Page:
Can You Use Whole-Wheat Flour in a Roux?

It can depend.

Roux is typically made with all-purpose flour, but can you use whole-wheat flour instead? It depends on the recipe and the style of roux you're making. All-purpose flour has a significantly higher starch content than whole-wheat flour. Since starch is what gives the roux its thickening power, a roux made with whole-wheat flour won't thicken a sauce as much as one made with all-purpose flour. The presence of the bran in whole-wheat flour will also lend the roux a reddish-brown color, a nutty wheat flavor, and a slightly coarse or grainy texture.

We don't recommend whole-wheat flour for light-colored roux. To demonstrate why, we made two batches of the Mornay sauce in our recipe for croque monsieur sandwiches with the two different types of flour. The Mornay made with whole-wheat flour was browner, grainier, and soupier than the one made with all-purpose flour (which was pale, smooth, and perfectly spreadable).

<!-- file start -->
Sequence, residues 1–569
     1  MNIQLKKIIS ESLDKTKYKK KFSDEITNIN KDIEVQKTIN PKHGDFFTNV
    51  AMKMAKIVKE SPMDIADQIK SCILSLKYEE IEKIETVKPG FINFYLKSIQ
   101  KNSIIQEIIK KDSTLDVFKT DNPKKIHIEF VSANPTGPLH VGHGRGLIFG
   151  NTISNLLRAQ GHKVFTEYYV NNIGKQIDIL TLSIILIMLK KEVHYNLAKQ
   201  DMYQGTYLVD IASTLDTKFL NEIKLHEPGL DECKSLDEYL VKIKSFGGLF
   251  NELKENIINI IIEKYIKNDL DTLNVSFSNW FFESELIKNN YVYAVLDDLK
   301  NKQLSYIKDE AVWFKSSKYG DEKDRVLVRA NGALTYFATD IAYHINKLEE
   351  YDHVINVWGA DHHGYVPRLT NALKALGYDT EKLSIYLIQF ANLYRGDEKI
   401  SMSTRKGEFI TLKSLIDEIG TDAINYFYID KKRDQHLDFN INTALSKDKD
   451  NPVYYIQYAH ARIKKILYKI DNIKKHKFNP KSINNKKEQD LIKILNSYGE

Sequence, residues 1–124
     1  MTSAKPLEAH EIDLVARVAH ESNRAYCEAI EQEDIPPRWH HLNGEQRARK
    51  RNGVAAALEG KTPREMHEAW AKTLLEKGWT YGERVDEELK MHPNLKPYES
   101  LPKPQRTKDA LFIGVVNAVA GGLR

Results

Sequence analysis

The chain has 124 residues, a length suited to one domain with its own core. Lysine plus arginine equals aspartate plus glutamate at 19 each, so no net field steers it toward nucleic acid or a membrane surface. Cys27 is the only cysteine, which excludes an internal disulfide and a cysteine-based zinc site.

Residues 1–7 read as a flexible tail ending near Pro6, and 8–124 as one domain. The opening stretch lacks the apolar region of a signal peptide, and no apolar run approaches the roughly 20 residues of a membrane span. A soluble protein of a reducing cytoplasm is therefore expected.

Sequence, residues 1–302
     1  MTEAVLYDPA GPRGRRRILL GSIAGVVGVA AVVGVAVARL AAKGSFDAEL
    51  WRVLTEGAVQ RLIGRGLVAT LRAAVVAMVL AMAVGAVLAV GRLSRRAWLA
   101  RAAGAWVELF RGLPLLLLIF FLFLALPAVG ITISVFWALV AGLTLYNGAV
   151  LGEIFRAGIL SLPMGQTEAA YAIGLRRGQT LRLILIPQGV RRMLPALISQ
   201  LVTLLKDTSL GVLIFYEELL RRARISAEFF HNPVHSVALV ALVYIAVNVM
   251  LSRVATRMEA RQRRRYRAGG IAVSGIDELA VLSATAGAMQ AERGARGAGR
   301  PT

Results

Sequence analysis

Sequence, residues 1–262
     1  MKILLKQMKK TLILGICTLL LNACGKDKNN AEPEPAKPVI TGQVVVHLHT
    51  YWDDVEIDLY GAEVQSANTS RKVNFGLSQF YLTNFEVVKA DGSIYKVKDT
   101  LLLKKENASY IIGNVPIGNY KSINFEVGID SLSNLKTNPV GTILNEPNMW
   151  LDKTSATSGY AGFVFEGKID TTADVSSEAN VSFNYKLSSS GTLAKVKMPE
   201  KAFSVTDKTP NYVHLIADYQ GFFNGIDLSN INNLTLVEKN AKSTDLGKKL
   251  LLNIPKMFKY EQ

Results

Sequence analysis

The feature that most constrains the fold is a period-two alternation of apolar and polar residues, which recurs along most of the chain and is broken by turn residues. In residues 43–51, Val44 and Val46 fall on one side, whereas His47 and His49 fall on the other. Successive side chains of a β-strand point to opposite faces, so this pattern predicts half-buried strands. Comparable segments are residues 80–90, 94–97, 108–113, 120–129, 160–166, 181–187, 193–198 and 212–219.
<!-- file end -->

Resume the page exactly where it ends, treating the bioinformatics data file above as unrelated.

That said, whole-wheat flour was fine for the chocolate-colored roux in our recipe for Cajun Meatball Fricassee. Darker roux are employed more for their flavor than for thickening. In this case, the bolder flavor of the whole-wheat roux worked just fine in the robust stew, and any graininess was imperceptible.

THE BOTTOM LINE:  Don't use whole-wheat flour for a light roux in any recipe where the finished sauce requires a precise texture and delicately balanced flavor. You can, however, use whole-wheat flour for a dark roux in boldly flavored recipes such as gumbo or Cajun fricassee.

All-Purpose Flour Blond Roux

Lighter flavor but more thickening power.

Whole-Wheat Flour "Blond" Roux

Extra flavor but not much thickening power.

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